The Post Medieval Period at Mellor
Around 1547 to Present

The earliest plan of Mellor of 1589, shows the Church and a few houses, one of which is probably the Church Inn (in existence since at least 1530, standing next to the Church. The archaeological record of this period is of pottery sherds of locally made platters, drinking vessels and clay pipes. Records tell us that at least one innkeeper was a wealthy man, lending money to his neighbours and enjoying higher quality pottery.

We know that it was later bought by the Reverend Ollershaw, who was the perpetual curate of Mellor within the large parish of Glossop, in 1782 and he was followed by his son-in-law and grandson. We continue to find local pottery sherds from this period, for domestic and dairy use but the clay pipes from the Inn dissappear and are replaced by the finer pottery and China of a comfortable residence. In 1906, the widow held the deeds and the Church had to find a new Vicarage.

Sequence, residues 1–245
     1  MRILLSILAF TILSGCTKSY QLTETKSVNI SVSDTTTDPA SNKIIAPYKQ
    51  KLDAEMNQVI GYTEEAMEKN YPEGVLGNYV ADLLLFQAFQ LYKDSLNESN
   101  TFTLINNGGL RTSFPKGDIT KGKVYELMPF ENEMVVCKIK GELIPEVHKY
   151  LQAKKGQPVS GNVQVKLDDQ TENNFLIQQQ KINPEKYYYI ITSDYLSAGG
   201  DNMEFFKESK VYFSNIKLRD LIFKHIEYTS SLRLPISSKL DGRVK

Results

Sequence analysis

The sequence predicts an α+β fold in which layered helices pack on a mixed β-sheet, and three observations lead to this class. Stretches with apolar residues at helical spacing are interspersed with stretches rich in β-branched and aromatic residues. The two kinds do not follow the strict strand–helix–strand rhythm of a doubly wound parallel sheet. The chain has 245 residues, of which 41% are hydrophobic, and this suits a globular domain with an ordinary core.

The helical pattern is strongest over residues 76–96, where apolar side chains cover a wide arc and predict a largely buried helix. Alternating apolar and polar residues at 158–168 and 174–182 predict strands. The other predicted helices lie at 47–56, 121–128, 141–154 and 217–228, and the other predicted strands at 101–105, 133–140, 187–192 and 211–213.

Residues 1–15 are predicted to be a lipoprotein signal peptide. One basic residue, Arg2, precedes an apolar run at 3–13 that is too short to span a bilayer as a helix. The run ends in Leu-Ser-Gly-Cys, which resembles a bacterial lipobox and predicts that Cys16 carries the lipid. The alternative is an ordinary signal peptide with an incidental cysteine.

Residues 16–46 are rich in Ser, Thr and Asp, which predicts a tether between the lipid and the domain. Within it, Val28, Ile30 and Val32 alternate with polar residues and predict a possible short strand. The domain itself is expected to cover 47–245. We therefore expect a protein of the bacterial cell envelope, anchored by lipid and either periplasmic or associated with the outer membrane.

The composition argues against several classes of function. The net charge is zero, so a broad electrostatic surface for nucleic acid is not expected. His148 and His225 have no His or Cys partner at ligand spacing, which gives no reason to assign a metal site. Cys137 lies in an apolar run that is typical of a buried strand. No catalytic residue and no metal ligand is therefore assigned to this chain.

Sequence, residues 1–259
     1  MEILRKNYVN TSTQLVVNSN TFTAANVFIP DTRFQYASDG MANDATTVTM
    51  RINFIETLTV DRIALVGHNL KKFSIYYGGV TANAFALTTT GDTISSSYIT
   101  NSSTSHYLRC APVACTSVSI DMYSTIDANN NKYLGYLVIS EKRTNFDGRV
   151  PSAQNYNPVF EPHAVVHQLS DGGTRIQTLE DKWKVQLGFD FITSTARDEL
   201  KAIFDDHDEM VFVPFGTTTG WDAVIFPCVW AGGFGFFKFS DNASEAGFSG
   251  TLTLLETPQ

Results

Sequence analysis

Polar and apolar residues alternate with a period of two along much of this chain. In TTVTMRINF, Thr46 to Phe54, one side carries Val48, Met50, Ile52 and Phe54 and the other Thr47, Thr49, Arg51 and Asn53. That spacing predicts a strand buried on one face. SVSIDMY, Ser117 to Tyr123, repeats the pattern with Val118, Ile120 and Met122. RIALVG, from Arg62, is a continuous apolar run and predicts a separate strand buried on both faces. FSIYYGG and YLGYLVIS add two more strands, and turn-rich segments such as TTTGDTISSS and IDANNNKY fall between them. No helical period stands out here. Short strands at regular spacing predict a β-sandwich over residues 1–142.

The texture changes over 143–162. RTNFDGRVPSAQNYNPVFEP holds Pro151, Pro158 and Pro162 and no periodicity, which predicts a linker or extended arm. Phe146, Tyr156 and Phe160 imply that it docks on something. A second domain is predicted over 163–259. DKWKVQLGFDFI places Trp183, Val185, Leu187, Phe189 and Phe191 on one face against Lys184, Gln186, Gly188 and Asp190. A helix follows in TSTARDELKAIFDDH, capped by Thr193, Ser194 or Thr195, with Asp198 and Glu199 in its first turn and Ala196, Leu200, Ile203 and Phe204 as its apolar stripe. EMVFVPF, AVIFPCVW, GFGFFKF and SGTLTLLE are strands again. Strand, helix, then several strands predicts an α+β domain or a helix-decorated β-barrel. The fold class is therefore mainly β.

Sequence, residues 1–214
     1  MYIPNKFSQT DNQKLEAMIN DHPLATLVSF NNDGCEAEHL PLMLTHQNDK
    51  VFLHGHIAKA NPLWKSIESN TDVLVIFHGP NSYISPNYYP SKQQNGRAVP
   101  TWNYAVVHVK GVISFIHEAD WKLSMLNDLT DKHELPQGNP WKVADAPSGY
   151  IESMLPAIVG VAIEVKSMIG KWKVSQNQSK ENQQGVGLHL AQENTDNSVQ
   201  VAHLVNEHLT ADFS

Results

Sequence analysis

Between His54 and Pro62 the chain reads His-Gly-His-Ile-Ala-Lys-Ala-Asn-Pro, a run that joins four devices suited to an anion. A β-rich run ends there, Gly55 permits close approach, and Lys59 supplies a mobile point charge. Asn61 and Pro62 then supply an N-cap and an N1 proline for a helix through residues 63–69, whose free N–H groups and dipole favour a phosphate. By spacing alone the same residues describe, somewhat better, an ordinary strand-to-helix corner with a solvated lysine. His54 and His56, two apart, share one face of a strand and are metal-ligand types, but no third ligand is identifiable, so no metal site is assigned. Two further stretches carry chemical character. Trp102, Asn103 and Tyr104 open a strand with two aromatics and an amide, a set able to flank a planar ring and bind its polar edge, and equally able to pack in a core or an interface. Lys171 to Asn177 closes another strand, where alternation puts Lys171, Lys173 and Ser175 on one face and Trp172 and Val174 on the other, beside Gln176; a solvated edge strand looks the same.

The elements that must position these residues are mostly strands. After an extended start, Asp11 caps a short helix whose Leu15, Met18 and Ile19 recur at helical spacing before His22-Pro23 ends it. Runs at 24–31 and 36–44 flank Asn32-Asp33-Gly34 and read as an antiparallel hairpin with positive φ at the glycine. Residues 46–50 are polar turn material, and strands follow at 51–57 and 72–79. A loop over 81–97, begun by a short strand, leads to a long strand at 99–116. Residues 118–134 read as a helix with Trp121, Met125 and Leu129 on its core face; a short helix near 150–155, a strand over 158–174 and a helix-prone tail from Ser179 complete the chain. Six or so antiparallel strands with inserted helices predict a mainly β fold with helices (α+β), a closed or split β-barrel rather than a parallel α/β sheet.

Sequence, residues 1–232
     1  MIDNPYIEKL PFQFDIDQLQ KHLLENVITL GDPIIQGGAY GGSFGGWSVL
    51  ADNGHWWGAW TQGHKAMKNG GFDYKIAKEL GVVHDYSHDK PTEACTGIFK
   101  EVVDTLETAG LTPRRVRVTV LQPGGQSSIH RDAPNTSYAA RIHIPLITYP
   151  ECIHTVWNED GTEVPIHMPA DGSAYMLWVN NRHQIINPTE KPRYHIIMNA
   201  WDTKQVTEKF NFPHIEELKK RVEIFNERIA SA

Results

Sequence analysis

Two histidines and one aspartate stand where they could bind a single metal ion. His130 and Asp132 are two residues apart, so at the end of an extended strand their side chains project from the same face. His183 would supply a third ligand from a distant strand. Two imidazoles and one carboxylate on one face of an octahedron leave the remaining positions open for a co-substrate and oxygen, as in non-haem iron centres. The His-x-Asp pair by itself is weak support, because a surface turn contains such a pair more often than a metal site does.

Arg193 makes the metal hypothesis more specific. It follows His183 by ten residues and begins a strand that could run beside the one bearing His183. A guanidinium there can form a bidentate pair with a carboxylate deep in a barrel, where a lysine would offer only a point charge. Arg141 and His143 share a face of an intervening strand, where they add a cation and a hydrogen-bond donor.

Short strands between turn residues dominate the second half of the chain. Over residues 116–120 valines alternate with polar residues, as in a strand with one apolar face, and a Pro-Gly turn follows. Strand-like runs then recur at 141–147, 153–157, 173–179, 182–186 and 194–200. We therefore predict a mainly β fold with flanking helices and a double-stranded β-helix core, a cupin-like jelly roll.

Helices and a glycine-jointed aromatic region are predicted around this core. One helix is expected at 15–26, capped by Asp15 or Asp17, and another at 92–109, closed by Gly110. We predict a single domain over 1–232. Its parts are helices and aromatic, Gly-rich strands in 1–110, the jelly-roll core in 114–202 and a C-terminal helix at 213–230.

For many years, the farmers of Mellor had added to their income by hand spinning and weaving, but the area changed dramatically at the end of the 18th century when some of the first Textile Mills of the Industrial Revolution exploited the water power of the two valleys.

By 1825, there were a dozen Mills in Mellor, and many millworkers cottages had been built. The growth in population led to an enlargement of the Church, where galleries were built on three sides to accomodate the expanding congregation.

By the middle of the nineteenth century, however, this industry in the area was in decline and mills in Mellor closed as those in Cheshire and Lancashire became more competitive. Mellor became depressed and depopulated until the coming of the railway to Marple in 1865 led to the transformation of the area into a wealthy suburban commuter settlement.

Many small and isolated finds give us a little window into this rapidly changing period when we turn up items like a lost Elizabethan Shilling and a 17th Century Horse Brass.